Balancing the Triad of Trauma, SEL and Inclusion

by Adrian Mack

 

With the COVID-19 pandemic disrupting business as usual for many schools and school systems around the world, especially in places like the United States, many have considered the implications on students’ social, emotional, and behavioral health. But educators know from experience that trauma is not a new factor in the classroom. Research shows that trauma can hinder students from learning because of amygdala hijacking, which puts students in fight or flight mode, preventing them from processing information.

One district in New Jersey prioritized well-being and mental health during the first two days of school this year. Dr. Christopher Irving, the district’s superintendent, explained, “Trauma is real and so we are looking at pre-K all the way through high school, at all our students and take nothing for granted. Every single child is going to have a microscope on them. A microscope of care, compassion, and love, but a microscope nonetheless.” 

In addition to the COVID-19 pandemic, students are facing and have faced various obstacles and forms of trauma throughout their lives, including abuse, poverty, and systemic racism. As Dr. Irving mentioned, trauma is real, and in many instances, these students do not have the best support system or access to resources that can benefit them. While many districts are currently holding a microscope over every student, we must maintain this awareness, post-pandemic, especially for marginalized students. 

Compounding the trauma students have faced over the past year is the fact that “soft skills”, such as communication, collaboration, and critical thinking, are acquired in classrooms and through extracurricular and athletic programs which many students have been deprived of this past year and a half.

Prior to the pandemic, it has been a common practice in many school settings for teachers, counselors, and other school personnel to focus on Social Emotional Learning (SEL) and well-being. In other circumstances, SEL has been designated as an intervention for certain populations of students or not considered as part of the core curriculum for all students.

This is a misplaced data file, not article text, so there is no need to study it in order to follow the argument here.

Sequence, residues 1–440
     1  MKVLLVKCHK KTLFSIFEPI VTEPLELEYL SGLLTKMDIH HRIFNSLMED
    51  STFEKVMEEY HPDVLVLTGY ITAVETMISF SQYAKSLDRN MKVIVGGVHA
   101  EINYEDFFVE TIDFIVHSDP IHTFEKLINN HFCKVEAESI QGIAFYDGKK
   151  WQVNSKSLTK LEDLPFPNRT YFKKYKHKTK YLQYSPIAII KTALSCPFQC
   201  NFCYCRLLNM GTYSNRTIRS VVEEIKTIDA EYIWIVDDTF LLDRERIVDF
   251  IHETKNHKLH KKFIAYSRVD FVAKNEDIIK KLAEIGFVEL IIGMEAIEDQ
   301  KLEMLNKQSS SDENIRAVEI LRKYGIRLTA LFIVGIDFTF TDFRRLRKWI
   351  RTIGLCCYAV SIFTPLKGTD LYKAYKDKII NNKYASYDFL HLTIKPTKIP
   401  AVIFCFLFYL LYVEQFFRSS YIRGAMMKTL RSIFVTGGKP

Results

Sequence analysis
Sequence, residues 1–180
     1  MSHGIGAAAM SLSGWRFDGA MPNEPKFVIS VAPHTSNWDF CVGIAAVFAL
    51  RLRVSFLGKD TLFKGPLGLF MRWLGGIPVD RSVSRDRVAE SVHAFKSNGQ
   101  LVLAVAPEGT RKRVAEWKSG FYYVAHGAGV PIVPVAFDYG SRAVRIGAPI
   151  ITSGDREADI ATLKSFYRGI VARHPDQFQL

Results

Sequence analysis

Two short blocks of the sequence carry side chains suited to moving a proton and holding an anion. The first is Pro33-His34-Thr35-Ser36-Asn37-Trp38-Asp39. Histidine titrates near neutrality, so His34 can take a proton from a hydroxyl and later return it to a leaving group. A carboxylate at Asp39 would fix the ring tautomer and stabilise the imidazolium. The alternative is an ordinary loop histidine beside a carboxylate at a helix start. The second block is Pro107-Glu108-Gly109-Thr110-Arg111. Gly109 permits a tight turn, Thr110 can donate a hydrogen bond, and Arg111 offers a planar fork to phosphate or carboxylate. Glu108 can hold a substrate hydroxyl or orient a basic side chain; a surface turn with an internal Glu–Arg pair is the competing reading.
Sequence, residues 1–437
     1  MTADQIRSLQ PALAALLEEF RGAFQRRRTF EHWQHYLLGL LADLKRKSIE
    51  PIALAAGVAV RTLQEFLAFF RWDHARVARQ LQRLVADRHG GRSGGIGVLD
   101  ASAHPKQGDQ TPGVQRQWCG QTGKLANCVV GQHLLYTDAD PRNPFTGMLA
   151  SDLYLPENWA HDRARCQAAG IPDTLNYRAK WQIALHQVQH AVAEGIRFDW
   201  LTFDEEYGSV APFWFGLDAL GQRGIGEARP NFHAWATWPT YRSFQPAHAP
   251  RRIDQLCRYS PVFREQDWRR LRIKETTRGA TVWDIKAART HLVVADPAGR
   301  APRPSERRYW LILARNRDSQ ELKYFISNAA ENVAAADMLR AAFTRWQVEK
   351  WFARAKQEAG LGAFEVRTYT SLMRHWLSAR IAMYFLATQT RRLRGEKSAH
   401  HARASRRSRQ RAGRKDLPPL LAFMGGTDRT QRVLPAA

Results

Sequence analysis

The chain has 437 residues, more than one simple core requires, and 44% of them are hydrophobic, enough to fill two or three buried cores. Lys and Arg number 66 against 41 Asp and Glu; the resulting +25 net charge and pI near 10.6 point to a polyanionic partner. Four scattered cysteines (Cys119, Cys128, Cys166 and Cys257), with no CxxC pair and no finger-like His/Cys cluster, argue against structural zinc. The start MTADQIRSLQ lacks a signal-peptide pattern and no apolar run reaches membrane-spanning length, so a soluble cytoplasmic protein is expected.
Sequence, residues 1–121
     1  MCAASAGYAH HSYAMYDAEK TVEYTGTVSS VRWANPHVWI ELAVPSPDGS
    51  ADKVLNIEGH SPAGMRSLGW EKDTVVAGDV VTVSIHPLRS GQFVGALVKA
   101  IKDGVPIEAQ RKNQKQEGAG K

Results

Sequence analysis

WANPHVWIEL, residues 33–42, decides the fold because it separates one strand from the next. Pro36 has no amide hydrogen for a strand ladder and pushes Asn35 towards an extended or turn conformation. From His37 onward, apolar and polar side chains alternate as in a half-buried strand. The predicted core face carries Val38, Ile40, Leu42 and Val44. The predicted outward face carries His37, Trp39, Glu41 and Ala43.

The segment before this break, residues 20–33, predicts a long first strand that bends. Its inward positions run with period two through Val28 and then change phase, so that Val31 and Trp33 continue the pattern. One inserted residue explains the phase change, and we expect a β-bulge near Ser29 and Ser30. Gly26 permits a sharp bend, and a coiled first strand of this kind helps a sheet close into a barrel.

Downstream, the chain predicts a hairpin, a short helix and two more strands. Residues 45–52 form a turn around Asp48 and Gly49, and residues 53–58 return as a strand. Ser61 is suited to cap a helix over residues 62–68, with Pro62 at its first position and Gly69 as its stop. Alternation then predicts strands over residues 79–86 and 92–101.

SEL programming does come with its limitations. SEL curricula are known to enhance soft skills and address mental well-being, but do not always consider human conflict and social injustices through the lens of Diversity, Equity, and Inclusion (DEI). If social emotional learning programs are deployed as “one size fits all,” concepts like grit and resilience will be grounded in identity blindness, and this can undermine meaningful connection with many students.

Identity blindness is when one argues that they do not see race, gender, sexual orientation, and so forth, but simply aim to treat everyone the same. Though this seems like a good approach on one level, understanding and recognizing how different groups have historically been viewed and treated and recognizing how that may be showing up in the classroom in implicit and explicit ways opens up new avenues for connection and learning.  Incorporating both SEL and DEI programming is necessary to support and prepare students to be productive and civically engaged citizens in a globalized and diverse society.

Captains & Poets is trying to answer this need by offering a ground-breaking K-12 curriculum that bridges SEL with inclusion programming to create greater foundational connection in the classroom. It can also have a cathartic and healing effect, particularly empowering students from marginalized backgrounds. The program is unique in that it fosters a sense of connection both within and across students by encouraging them to honor their full experience of themselves and to embrace the same journey in others.

The school year ahead is an opportunity to take what we know about the learning needs of all students and address the collective trauma at hand to foster a sense of connection across young people in new and powerful ways.

 

Adrian is a Diversity, Equity and Inclusion consultant, professor and tech ethicist with a passion for creating systemic change. He has a PhD in Transformative Studies and Transdisciplinary Studies with a research focus on media, technology and society and diversity, equity and inclusion. 

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